On June 5, just two days after its truly ludicrous new Langdale schedule had gone into effect, BC Ferries suddenly reversed course and added a later round-trip sailing to the route.
Instead of the last boat leaving Langdale at 6:30 p.m., an 8:20 sailing was added. Instead of departing at 7:25 p.m. from Horseshoe Bay, the last sailing back is now 9:15.
The quick about-face was a testament to the efficacy of community outrage. BC Ferries had placed the Sunshine Coast on an after-supper curfew, and in response the community blew a collective gasket.
Residents vented on social media, local governments publicly condemned the new schedule in the strongest terms, the Southern Sunshine Coast Ferry Advisory Committee worked behind the scenes to apply pressure, MLA Nicholas Simons called on his government to act, and customers made sure BC Ferries got an earful.
In letters, emails and conference calls, the FAC and organizations like the Sechelt and District Chamber of Commerce laid out the dire implications for businesses, services, essential workers, commuters and residents travelling for medical reasons. Perhaps crucially, one day before the new sailings were added, the two mayors and the SCRD chair raised the issue in a conference call with Premier John Horgan.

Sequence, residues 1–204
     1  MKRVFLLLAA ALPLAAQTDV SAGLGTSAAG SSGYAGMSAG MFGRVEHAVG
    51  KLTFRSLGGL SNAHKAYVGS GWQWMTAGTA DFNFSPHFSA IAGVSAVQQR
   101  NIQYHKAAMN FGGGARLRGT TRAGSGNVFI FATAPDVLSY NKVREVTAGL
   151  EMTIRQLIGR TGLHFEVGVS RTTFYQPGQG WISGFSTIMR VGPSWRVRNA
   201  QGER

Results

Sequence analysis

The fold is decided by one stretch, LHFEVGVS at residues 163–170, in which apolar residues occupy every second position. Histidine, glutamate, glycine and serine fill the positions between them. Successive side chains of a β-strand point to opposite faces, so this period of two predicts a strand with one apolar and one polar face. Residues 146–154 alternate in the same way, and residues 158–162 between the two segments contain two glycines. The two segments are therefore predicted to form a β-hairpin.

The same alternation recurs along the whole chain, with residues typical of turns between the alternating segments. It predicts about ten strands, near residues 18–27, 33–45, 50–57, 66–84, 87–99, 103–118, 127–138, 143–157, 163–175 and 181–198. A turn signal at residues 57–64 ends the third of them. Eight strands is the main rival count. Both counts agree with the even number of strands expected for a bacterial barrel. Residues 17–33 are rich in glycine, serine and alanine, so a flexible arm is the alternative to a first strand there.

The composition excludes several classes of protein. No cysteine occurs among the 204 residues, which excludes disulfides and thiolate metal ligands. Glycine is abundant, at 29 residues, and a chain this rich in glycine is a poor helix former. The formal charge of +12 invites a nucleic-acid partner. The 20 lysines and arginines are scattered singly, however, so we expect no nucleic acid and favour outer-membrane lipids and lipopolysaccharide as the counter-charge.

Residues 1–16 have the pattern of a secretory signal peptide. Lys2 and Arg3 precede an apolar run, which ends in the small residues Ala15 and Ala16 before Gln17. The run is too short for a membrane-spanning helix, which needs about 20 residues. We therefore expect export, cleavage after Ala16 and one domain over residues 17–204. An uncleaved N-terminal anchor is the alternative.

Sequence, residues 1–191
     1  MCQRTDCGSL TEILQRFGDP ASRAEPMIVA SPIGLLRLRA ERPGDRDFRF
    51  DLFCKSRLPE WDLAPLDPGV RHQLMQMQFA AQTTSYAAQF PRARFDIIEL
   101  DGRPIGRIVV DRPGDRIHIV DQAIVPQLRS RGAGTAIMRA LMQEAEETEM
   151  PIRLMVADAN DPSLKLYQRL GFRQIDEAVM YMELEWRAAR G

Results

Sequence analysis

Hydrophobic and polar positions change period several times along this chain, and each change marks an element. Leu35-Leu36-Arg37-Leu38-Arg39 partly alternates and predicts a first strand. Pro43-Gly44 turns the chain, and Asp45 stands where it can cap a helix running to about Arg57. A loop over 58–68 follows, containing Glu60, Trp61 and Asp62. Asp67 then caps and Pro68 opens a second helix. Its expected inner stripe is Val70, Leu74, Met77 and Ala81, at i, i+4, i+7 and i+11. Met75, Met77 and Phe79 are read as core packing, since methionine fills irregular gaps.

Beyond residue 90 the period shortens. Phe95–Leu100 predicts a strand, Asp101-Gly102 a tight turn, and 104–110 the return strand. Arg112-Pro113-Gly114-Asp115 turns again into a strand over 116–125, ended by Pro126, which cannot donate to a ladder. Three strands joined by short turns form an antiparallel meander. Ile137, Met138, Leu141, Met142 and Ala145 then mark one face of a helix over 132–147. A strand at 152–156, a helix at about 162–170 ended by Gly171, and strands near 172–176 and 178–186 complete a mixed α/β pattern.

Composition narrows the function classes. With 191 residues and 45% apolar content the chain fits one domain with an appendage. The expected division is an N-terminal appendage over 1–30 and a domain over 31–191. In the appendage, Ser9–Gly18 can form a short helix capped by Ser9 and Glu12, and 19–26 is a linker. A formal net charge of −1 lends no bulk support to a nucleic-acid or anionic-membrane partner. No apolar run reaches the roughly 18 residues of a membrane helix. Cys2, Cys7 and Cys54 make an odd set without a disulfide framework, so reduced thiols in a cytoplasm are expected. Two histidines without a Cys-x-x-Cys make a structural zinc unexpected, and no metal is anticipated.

BC Ferries deserves credit for restoring some sanity to the Route 3 schedule, but with serious reservations. The original plan demonstrated that the company was willing to sacrifice basic service to the Sunshine Coast “in order to protect the long-term sustainability of the ferry system,” as one of its officials described the rationale.
This is a lesson to remember as new schedules roll out and as BC Ferries adjusts its fleet replacement plans in the wake of lost revenues. Early last year, president and CEO Mark Collins said the company was hoping to start permanent two-ship service out of Langdale in the 2024 fiscal year, after the Queen of Oak Bay is freed up to run in tandem with the Queen of Surrey. Will that timeline now be extended? If something has to give, will it be, once again, the needs of the Sunshine Coast?
Assume it will be and prepare accordingly. The latest battle shows that if Coasters get mad enough, and turn the political pressure up high enough, sanity can prevail.